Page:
*laughs hysterically at irony of answering this with children watching Diary of a Wimpy Kid in the next room* I love having the flexibility to negotiate a contract and throw in a load of laundry, to do good work and then run over to my kids’ school to read a book in a classroom. It is juggling, and I love the challenge of not dropping any balls. I’m happiest when this is all going well. But I also realize the tremendous value of turning off work for family time, which absolutely recharges me. 
If you could send a piece of advice to your teen self in one tweet, what would you say? 
To thine own self be true. (But rethink that black prom dress.) 
If you could pick a word to describe yourself, what would it be? 
Optimist. But not in a head-in-the-clouds kind of way. I believe good things happen when you combine hard work and passion–even if you have to hear “Onwards and upwards!” more than a few times along the way.

Thank you, Tracey! Onwards and upwards is something I’ve been needing to hear! And thank you for this interview, you are so much fun!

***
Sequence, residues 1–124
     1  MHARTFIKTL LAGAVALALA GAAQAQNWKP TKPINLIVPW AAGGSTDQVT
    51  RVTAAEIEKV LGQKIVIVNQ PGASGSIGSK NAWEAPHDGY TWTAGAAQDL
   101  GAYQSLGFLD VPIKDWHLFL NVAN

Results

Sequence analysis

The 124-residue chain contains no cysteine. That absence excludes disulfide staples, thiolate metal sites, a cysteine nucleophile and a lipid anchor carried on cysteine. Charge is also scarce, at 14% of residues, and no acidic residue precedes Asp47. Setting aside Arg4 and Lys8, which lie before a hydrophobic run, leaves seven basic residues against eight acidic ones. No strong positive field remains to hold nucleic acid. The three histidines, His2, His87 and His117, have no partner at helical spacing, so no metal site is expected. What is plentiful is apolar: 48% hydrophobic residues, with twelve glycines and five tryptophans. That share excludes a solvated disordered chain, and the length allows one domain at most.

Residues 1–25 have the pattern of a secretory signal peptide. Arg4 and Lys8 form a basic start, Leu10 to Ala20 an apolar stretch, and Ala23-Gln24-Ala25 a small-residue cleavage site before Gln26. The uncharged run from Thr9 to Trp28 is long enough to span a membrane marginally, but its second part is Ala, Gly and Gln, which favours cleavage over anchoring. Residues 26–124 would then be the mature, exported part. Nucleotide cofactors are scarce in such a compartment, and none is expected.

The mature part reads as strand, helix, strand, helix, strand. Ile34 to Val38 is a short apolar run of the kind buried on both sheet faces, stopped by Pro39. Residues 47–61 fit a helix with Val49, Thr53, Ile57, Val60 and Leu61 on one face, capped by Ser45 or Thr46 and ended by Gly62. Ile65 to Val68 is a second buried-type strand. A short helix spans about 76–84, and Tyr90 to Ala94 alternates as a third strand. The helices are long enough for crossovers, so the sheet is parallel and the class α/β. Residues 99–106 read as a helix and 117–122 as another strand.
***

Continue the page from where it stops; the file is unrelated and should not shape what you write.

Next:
If you would like to find out more about Tracey, please visit Adams Literary.

Interview with Author Kathleen Duey


Kathleen Duey has published over 90 books for children of all ages and for YA and adult readers. She has won many awards, including a National Book Award silver medal for Skin Hunger, the first book of her Resurrection of Magic trilogy. The Unicorn’s Secret, a series of books for young readers has won state reader awards and celebrates 12 years in print this year. Her fan mail is increasingly international and she is grateful for….everything.
Since this blog is about offering inspiration to writers, my first question for you is, do you have a favorite quote? If so, why is it your favorite?
“We write by the light of every book we have ever read.” ~Richard Peck